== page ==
(Part 3 of 21)
Amos 1:6-8… God roars against Gaza (Philistines)… “For three transgressions of Gaza, and for four, I will not turn away the punishment thereof; because they carried away captive the whole captivity, and delivered them up to Edom” (KJV). These people sold the captives into more bondage. During Amos’ time, the Philistines occupied four cities–Gaza, Ashdod, Ashkelon, Ekron. These names stand for overpowering strength that spoils with gross crimes the uprooting of people. Gaza deported the entire population and gave them to Israel’s enemies (2 Chronicles 21:8-17). Edom was known for being God-rejecters. They had a Satanic hatred for Israel. Their sin crossed God’s line and God could not withhold judgment any longer. We also, in our hearts, deport people away from us… push them away so to speak, because we do not like them. Today, there is a spirit of hatred towards Christians in nations. Remember the word “deophobia,” “the unreasonable hostility of people towards God and towards Christians.”
Vv. 9-10… God roars against Tyrus… “because they delivered up the whole captivity to Edom, and remembered not the brotherly covenant” (KJV). Breaking covenants is a sin. Tyrus broke a covenant between brethren (Joel 3:4-7; they sold the population to Greece). In 2 Samuel 5:11 and 1 Kings 5:7-18, Hiram the king of Tyre made a covenant with David concerning the building of the temple. Later, they turned against both Israel and Judah to make money by the selling of the slaves. There is a lesson here… wealth obtained by covenant-breaking practices brings God’s judgment. Nations have broken covenants that they made with other nations. Many employees sell secrets of the businesses they work for to competitors for money. Even in Christian circles, covenants are being broken. The Lord will roar from Zion…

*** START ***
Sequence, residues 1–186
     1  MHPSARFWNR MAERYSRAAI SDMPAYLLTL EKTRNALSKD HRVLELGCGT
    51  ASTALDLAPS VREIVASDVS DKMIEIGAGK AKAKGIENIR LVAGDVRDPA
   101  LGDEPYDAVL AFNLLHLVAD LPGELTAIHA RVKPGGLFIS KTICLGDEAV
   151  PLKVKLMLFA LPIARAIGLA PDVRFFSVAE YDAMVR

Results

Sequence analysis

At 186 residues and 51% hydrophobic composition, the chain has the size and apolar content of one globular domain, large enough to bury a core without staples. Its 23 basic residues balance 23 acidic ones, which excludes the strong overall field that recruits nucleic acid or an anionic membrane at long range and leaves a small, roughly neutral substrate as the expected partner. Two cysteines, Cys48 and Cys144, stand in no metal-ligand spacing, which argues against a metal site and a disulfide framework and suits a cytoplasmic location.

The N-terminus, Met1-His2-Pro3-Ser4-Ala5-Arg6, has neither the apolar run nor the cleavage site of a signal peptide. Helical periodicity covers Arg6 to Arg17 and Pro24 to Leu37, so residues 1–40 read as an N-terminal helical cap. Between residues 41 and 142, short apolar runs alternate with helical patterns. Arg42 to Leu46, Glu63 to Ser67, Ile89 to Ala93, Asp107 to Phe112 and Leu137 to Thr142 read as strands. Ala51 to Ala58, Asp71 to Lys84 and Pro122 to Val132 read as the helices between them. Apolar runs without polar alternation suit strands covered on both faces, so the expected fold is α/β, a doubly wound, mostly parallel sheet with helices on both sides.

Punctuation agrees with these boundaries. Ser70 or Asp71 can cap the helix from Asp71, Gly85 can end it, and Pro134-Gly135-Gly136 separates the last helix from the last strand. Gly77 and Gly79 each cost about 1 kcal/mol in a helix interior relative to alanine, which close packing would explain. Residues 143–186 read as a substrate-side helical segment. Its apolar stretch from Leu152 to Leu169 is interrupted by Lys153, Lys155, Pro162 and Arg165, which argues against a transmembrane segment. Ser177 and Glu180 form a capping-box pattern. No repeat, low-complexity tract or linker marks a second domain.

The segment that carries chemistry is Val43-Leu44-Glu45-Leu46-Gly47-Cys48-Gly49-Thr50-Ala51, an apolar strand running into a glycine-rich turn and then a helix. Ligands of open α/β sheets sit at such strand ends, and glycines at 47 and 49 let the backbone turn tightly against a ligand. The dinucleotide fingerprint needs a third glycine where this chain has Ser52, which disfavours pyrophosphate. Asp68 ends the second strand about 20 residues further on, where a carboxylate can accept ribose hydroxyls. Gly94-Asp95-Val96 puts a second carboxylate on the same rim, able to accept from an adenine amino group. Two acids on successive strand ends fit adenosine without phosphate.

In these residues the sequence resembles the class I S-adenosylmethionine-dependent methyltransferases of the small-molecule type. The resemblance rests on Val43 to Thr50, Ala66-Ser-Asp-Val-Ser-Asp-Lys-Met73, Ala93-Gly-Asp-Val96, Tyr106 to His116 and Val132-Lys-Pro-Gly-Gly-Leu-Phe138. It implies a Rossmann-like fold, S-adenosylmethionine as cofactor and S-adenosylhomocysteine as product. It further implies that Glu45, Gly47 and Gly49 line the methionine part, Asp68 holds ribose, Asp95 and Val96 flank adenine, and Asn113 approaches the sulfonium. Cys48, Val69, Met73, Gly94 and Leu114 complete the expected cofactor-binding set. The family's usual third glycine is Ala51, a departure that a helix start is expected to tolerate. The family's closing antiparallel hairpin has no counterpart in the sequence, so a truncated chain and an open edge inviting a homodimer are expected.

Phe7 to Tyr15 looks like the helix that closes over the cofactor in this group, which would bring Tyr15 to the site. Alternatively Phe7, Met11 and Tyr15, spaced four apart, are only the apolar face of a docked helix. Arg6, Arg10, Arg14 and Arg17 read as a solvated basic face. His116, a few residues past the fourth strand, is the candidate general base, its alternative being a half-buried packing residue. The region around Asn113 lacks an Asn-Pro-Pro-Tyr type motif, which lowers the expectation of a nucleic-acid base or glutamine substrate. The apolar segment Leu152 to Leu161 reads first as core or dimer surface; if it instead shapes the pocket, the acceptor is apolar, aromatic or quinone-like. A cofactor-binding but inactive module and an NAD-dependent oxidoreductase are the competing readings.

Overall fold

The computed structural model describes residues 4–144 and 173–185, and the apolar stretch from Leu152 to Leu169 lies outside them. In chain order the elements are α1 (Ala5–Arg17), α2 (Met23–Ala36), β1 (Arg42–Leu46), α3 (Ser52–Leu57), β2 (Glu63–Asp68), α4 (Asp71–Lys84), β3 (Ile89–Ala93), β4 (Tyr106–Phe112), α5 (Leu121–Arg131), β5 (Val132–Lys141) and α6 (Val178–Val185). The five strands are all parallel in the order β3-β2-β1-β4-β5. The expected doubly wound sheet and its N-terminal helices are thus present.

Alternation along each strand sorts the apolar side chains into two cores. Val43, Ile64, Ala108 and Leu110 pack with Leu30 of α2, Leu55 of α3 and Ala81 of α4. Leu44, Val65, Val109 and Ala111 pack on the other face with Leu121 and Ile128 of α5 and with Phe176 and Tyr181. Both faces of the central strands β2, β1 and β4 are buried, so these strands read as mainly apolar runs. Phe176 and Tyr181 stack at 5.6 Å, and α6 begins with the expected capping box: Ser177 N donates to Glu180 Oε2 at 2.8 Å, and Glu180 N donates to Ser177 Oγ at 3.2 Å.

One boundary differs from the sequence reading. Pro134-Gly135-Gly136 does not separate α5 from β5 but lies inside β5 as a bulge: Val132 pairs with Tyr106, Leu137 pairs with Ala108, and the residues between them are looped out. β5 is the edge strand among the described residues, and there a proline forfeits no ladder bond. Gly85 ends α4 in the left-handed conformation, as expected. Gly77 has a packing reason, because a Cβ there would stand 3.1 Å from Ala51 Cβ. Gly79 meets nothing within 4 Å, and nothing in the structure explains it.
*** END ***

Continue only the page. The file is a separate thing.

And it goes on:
Vv. 11… God roars against Edom… “because he did pursue his brother with the sword, and did cast off all pity, and his anger did tear perpetually, and he kept his wrath for ever” (KJV). Edom is Esau’s descendants. Unforgiveness is a sin. Remember the Jacob-Esau controversy. Esau never stifled his anger against Jacob. (Ezekiel 35:1-5 tells the story; Edom had a perpetual and ancient hatred for Israel.) Edom had a reputation for hatred, cruelty, and resentment. Esau could not get victory over this sin (Numbers 20:14-21, 2 Samuel 8:14, 2 Kings 8:20). Judgment will always come when there is anger, unforgiveness, and resentment between brethren. It will show up in the physical body. There comes a time when this sin has reached its full course and God begins to roar: the judgment begins. Over the years, many Christian have held deep resentments in their hearts against other Christians. Their differences have never been resolved, and their relationships are strained. God will roar from Zion…
Vv. 13-15… God roars against Ammon… because they ripped open the women who were with child. Ammon was a descendent of Lot (Genesis 19:29-38). Ammon was judged because he wanted to leave Israel without an heir so that he could enlarge his borders (Judges 11:12-28 tells the story of Ammon’s sin). Some enlargements do not have the blessing of God. Today many churches boast of enlargement because they have gained new members that have come from other churches. Enlargement needs to come from the birthing of new converts. God is not going to buy any of these arguments to justify wrongdoings which result in enlargement at the expense of others. Many nations have ripped open the economy of other nations just to enlarge themselves. There comes a time when this sin has reached full measure and God begins to roar.
Amos 2:1-3… God roars against Moab… “because he burned the bones of the king of Edom into lime” (KJV). Moab was a descendent of Lot (Genesis 19:29-38). Moab became indignant with a friend who had befriended an enemy (2 Kings 3:7-27). The king of Moab sacrificed his own heir to his false god. This act sickened everyone who saw it and the battle was abandoned. Here, God judged the holding of grudges. They crossed the line when they were not satisfied with an enemy’s death; they wanted to inflict further hatred by burning the bones. We sometimes manifest this same spirit when we see someone in a trial and we say, “Serves them right.”
God’s roar against the six heathen nations had ended and now God began to roar against both Judah and Israel. Amos now begins to tell Judah and Israel that they too had crossed the line and now must face God’s judgment.
(To be continued…)
Pastor George Belobaba
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